Is There a Risk of Extrahepatic Cancer After DAA Treatment in HIV/HCV Co-Infected Patients: Presented at ECCMID

By Shazia Qureshi

AMSTERDAM, the Netherlands -- April 18, 2019 -- A small retrospective study reported here at the 29th European Congress of Clinical Microbiology & Infectious Diseases (ECCMID) shows a possibly elevated rate of extrahepatic cancers in patients co-infected with HIV and hepatitis C virus (HCV) who underwent treatment with direct-acting antivirals (DAAs) for their HCV.

David Zucman, MD, Hôpital Foch, Suresnes, France, and colleagues retrospectively evaluated patient data from their hospital and found that 93 patients with HIV and HCV co-infection had been successfully treated for HCV from 2000 until 2017.

Around 53 of the patients were treated with DAAs once they became common, around 2014. Prior to that, an HCV cure had been accomplished with interferon-based therapies in 40 patients.

Looking at cancer incidence among both groups until 2018, the researchers calculated that the incidence rate of extrahepatic cancers was 48.5 (95% confidence interval [CI], 15.0-82.1) per 1,000 person-years among the DAA group, compared with 2.4 (95% CI, 0-7.2) per 1,000 person-years in the interferon group. This difference was found to be significant between the 2 groups in Kaplan-Meier analysis (log-rank test, P = .001).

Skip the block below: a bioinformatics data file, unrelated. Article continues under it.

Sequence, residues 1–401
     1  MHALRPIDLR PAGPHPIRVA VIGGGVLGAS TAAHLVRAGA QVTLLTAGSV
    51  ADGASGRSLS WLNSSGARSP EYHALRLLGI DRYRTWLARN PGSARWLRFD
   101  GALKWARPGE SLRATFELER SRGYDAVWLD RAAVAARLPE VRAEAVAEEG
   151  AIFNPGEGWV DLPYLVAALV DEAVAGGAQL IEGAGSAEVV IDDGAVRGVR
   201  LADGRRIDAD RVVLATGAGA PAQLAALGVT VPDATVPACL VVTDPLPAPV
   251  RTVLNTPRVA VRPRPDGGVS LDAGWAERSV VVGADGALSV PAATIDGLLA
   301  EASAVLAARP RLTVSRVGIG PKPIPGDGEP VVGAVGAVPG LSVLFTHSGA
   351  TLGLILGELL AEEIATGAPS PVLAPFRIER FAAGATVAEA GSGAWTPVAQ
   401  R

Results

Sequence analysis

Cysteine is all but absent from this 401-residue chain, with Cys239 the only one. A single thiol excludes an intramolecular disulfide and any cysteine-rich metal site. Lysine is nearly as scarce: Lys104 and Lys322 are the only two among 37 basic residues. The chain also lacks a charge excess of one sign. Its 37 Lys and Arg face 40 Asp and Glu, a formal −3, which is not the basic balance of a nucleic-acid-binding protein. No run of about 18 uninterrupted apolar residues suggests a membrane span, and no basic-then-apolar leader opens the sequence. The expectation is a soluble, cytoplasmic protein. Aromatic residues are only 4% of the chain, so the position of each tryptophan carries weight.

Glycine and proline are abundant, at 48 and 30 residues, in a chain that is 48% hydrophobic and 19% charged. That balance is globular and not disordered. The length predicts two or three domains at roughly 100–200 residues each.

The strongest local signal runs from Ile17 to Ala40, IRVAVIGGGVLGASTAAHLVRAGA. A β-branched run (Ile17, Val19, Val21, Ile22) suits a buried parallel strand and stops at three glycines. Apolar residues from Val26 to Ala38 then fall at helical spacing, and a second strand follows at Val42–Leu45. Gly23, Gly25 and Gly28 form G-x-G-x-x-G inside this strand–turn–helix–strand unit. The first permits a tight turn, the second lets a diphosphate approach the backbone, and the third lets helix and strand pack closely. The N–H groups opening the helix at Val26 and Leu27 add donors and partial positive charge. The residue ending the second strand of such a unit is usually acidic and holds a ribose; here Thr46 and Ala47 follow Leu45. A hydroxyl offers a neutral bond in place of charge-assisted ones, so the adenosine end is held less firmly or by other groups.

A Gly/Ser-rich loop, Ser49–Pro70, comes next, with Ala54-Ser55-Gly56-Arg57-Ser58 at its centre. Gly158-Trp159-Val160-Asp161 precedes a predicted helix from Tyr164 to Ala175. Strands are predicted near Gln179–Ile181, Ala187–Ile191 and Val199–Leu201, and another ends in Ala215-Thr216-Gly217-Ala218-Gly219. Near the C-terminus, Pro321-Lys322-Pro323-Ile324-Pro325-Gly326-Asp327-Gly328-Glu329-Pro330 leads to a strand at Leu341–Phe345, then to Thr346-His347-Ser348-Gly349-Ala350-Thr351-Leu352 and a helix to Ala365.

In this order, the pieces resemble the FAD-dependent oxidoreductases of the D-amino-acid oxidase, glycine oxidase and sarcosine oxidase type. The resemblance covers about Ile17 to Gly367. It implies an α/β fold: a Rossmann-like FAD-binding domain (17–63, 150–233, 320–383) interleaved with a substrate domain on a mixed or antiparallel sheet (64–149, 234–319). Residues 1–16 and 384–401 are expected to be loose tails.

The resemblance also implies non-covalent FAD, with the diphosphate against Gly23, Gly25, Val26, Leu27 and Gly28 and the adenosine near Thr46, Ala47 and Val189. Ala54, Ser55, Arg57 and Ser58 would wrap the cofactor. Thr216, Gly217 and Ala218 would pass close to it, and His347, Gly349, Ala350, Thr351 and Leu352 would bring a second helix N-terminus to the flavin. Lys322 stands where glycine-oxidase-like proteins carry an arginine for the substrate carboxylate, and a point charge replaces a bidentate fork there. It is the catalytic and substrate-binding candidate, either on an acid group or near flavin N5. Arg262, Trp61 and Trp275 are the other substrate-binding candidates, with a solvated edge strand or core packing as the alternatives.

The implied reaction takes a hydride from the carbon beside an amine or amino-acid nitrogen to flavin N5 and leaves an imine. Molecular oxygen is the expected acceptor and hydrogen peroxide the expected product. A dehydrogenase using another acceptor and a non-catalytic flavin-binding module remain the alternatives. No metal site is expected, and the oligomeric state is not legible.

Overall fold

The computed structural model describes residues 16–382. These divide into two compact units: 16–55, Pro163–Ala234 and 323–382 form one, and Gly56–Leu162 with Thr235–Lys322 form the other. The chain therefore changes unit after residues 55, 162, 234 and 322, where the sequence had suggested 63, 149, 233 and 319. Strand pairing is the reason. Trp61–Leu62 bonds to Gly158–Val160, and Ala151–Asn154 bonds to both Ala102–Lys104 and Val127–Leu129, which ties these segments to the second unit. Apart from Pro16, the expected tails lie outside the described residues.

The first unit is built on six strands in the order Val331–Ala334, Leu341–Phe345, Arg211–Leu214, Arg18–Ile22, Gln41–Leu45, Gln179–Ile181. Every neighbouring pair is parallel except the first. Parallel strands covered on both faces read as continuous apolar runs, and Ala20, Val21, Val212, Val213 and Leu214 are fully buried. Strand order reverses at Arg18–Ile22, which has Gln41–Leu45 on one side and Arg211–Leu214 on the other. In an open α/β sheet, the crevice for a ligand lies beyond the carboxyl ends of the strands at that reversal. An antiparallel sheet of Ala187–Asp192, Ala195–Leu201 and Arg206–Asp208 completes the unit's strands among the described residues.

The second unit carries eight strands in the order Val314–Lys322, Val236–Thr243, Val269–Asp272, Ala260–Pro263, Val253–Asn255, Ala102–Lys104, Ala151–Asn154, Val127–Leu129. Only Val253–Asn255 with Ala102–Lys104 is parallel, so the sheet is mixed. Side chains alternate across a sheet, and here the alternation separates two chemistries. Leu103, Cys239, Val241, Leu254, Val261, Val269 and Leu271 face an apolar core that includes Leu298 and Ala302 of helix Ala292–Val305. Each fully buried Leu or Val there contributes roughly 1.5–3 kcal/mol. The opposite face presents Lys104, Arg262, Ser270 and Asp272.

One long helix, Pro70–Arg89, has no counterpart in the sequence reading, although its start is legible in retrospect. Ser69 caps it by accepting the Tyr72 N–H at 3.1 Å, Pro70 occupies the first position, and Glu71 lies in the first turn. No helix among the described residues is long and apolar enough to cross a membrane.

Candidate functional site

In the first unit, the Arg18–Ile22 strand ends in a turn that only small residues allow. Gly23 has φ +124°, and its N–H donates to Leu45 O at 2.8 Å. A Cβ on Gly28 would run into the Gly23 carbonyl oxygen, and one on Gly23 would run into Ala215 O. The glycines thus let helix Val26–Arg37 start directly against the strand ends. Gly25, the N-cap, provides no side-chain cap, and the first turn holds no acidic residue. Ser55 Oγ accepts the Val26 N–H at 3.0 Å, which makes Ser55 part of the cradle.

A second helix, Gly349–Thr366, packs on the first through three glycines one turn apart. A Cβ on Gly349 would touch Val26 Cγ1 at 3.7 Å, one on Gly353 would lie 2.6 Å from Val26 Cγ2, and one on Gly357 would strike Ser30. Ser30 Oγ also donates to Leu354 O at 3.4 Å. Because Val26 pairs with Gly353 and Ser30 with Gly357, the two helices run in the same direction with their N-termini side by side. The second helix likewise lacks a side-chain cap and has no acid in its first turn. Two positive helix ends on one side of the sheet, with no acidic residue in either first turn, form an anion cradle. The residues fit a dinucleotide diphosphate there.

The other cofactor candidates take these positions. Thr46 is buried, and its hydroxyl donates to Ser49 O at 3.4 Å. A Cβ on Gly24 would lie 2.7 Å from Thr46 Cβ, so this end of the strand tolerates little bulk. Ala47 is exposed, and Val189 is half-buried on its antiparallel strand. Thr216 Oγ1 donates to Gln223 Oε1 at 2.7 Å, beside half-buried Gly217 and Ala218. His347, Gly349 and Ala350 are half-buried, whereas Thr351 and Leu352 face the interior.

Among the patients who had received DAAs, 8 patients developed extrahepatic cancers after a median of 20 months (range, 1-48) and 3 of them died due to the cancer. Among the interferon-treated group, only 1 patient developed an extrahepatic cancer 7 years after treatment, but it was not fatal.

When the researchers looked at other potential factors that might have differed between patients with and without extrahepatic cancers, they found that the CD4 T-cell nadir count was significant. Patients who developed extrahepatic cancers had a median CD4 nadir of 70 cells/mm3 compared with a median of 209.5 cells/mm3 among those who had not developed extrahepatic cancers (P = .003).

“The occurrence of such extrahepatic cancers could be mediated by an immune mechanism induced by HCV clearance,” the authors suggested.

However, since it was a small study in 1 hospital, the authors also said that larger cohorts need to be evaluated.

[Presentation title: Is There a Risk of Extrahepatic Cancer After Direct-Acting Antiviral Treatment in HIV/HCV Co-Infected Patients? Abstract P0706]

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